Sloane Crosley's The Clasp tells the story of a group of college friends who all meet again, on the brink of 30, at a wedding in Florida. "It was disquieting," a guest thinks, "seeing all these names from his past in calligraphy, as if they were passengers on the Titanic." It's a good line and also a deft piece of foreshadowing. Icebergs ahead.
Crosley is best known for her comic essays, some of which were collected in I Was Told There'd Be Cake, but her gifts--keen observation, mordant humor, an affinity for the bittersweet--translate surprisingly seamlessly into fiction. The principal characters in The Clasp are Kezia (clever, single, jewelry designer), Nathaniel (clever, single, feckless, screenwriter) and Victor (clever, feckless, unemployed, in love with Kezia). Reunited, with little to show for the years in between, they dust off old crushes and chat and riff off one another with a marvelous lightness and a quickness that stands in poignant contrast to the heavy slowness with which they grope their way through life.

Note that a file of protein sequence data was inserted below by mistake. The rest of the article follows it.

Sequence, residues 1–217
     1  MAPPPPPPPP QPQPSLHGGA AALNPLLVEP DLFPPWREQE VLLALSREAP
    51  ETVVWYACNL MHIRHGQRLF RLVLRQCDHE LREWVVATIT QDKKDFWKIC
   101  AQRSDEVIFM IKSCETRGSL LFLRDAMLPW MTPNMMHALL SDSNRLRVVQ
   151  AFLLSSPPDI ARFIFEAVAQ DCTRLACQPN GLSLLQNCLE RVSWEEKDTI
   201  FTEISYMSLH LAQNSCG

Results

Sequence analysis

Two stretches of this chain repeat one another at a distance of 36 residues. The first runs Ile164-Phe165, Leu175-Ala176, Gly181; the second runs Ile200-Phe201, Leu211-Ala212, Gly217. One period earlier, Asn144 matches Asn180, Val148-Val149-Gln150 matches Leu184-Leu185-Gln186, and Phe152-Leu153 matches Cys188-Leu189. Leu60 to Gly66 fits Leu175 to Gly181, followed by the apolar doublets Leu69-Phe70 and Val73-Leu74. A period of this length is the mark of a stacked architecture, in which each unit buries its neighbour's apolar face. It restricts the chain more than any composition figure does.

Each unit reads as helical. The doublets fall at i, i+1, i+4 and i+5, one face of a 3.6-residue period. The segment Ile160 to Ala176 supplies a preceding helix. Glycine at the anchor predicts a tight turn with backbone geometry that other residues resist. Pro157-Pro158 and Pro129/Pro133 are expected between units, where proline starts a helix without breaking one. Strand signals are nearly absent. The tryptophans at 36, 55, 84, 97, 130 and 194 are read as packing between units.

The clasp of the title is, on its most literal level, that of a necklace, or in fact several necklaces. One is a priceless treasure lost by a wealthy family, and midway through the book the plot pivots from social comedy to a pleasantly caperish quest to recover it. Another is Guy de Maupassant's "The Necklace," a famously devastating story of lives wasted beyond redemption. That story becomes a motif in Crosley's sad, hopeful, endlessly entertaining book--it comes up again and again, like a blinking lighthouse, warning us off the shoals of life, reminding us that there are losses that cannot be charmed or joked away.